The second Western Bay Community Cohesion Cup has been hailed as a "great success" in breaking down barriers between Police and diverse community groups in South Wales.
The aim of the inclusive football competition in Swansea was firstly to increase respect, trust, equality and engagement between community groups and the Police. It also plays a key part of the Police Force's representative workforce programme, using football as a vehicle not only to foster stronger relationships, but ultimately encourage more applications to join the Force from BAME candidates.
The competition featured a robin-robin group stage featuring four teams: the Kush Stars (refugees from mainly African backgrounds), the Swansea Stars (players mostly from the Bangladeshi community), the Swansea Panthers (the 2017 champions) and the Swansea University Veterans. As group-stage winner, Kush Stars went into the final and beat South Wales Police at Swansea City's Liberty Stadium.
Ex-Swansea City striker Lee Trundle presented the prizes and local primary-school children designed posters signifying what community cohesion meant to them. Pupils from the winning school attended the final as mascots and ball boys/girls.
The event was jointly organised by Mathew Lewis, Chief Inspector – Operation at South Wales Police, BME Sport Cymru Project Officer Mohammed Basit and Stephanie Callender, acting in her former role as PCSO Hate Crime Engagement Officer for South Wales Police.
Chief Inspector Lewis told ConnectSport: "The competition shows the BAME population in South Wales that there's a human side to policing and a personality behind the uniform.
"The feedback from the players is that it has given them a better understanding of our role and we've already had a number of referrals into our representative workforce programme from people applying to join. It has been a really big success because people may never have thought of the Police as a career before.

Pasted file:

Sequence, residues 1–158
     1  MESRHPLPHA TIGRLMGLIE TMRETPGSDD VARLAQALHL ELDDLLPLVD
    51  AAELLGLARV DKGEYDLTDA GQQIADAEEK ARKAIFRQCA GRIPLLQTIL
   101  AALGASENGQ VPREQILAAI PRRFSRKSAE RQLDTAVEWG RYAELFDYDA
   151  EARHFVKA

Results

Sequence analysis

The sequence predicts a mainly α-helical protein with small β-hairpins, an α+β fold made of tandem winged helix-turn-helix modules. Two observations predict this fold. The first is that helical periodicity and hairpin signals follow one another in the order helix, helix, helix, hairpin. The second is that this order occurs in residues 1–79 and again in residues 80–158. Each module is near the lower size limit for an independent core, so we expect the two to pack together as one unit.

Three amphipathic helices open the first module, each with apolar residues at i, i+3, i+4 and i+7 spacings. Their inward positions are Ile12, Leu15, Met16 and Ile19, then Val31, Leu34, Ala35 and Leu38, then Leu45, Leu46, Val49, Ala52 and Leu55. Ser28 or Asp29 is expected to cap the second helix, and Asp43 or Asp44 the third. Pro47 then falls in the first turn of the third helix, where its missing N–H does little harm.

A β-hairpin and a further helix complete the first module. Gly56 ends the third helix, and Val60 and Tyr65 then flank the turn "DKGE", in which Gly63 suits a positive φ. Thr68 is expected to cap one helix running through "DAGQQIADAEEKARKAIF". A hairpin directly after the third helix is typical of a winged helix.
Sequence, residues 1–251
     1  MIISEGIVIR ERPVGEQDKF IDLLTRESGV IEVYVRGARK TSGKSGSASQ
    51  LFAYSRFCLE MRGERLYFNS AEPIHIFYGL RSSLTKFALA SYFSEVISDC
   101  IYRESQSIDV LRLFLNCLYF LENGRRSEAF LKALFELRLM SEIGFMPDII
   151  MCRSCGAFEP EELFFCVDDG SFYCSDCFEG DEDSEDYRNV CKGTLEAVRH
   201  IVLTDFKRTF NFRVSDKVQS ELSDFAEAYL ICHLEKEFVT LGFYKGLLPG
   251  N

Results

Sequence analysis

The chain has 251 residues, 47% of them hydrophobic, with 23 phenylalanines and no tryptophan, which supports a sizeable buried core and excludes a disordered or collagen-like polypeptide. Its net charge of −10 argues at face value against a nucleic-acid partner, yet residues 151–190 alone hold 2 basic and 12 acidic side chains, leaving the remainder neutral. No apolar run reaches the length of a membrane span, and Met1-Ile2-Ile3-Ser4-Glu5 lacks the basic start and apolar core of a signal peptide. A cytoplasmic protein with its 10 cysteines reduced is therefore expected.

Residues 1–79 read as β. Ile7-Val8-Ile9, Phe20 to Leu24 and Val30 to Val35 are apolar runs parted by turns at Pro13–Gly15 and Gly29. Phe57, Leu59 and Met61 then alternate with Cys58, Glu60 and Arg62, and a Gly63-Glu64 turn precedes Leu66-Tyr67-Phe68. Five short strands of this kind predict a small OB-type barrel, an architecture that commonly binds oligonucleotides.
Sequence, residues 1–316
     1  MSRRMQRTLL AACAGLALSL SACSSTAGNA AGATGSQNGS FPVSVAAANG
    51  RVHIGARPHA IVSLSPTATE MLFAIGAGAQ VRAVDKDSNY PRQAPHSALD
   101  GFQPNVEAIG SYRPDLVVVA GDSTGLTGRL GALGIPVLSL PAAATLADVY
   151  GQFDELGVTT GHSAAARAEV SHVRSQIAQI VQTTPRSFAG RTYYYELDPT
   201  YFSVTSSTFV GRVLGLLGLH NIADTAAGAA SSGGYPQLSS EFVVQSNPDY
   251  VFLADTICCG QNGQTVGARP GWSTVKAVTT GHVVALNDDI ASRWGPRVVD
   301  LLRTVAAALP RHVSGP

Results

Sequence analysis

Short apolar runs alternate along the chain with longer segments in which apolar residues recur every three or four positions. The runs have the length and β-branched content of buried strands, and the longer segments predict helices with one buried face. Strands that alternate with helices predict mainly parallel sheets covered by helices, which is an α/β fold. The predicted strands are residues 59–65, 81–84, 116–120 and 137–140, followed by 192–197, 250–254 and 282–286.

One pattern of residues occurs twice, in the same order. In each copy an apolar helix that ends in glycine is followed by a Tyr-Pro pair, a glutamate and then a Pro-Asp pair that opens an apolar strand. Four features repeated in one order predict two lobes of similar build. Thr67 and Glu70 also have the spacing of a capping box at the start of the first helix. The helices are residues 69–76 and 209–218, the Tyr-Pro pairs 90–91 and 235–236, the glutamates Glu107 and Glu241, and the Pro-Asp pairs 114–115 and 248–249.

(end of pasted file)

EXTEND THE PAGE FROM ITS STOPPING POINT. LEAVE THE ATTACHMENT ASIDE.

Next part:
"Our ambition is having a better understanding and responding to the needs of the community. To reflect that, we need to be truly representative of the community itself. These sorts of events definitely lead to an increase in trust and confidence, and if you're more confident in the Police, you're more likely to join them. Football is the driver for that."
Fellow organiser Stephanie Callender, who is now Community Coordinator for Counter-Extremism at Swansea Council, added: "The Community Cohesion Cup has positively influenced the relationship between the police and the community in a big way.
"It has built relationships off the pitch and in the communities, which would have been difficult to build in any other way. It has broken down those stereotypes of Police and community.
"It proves that sport is an excellent tool for engagement. It gives people the opportunity to be part of a team, feel included and have a good sense of belonging. It allows them to find a positive place in society.
"Sport can also act as the building blocks to resilience; providing positive relationships and positive role models, learning to manage behaviours and emotions, overcoming hardships and feeling involved and connected."